Justifying Justice: Therapeutic Law and the Victimization Defense Strategy

UNCG Author/Contributor (non-UNCG co-authors, if there are any, appear on document)
Saundra D Westervelt, Associate Professor (Creator)
The University of North Carolina at Greensboro (UNCG )
Web Site: http://library.uncg.edu/

Abstract: As cultural sociologists have long held, systems of collective meaning invariably take on concrete institutionalized form. In as much as a therapeutic code of moral understanding has become a dominant impulse in American culture, we would expect to find evidence of this cultural sensibility in society‘s major institutional structures, including the criminal justice system. In this article, we consider the impact of the therapeutic ethos on criminal adjudication through an examination of the =victimization defense strategy‘—an increasingly popular legal argument that explains criminal action through a focus on past experiences of social victimization. We find that the emergence and application of this legal strategy relies heavily on the therapeutic ethos, a development that both reaffirms the validity of the therapeutic culture and potentially transforms the very essence of the adjudicative process.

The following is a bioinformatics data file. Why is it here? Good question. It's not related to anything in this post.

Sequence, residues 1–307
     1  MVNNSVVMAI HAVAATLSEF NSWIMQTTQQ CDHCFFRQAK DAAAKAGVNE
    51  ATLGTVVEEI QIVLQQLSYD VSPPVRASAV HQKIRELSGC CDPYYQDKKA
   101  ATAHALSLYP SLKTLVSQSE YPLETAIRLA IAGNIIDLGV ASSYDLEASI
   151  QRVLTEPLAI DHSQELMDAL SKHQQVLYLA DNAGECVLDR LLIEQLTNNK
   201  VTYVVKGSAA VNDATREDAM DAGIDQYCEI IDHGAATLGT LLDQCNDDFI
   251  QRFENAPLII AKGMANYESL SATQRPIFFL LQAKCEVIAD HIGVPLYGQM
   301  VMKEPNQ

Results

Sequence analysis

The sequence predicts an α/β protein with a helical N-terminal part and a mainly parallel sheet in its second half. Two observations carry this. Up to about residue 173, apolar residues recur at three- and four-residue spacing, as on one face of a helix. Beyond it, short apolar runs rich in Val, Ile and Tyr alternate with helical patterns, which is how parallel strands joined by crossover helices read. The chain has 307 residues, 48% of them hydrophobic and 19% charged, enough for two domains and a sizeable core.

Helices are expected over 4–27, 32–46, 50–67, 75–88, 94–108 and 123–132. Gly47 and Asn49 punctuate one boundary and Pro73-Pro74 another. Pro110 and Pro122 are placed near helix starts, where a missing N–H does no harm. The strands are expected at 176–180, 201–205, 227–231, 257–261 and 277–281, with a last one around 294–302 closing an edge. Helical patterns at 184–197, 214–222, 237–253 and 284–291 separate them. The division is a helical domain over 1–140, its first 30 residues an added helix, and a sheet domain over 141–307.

Additional Information

Sociological Forum 15: 617-646
Language: English
Date: 2000
abuse excuse, criminal defense law, therapeutic culture, therapeutic ethos, victimization defense strategy

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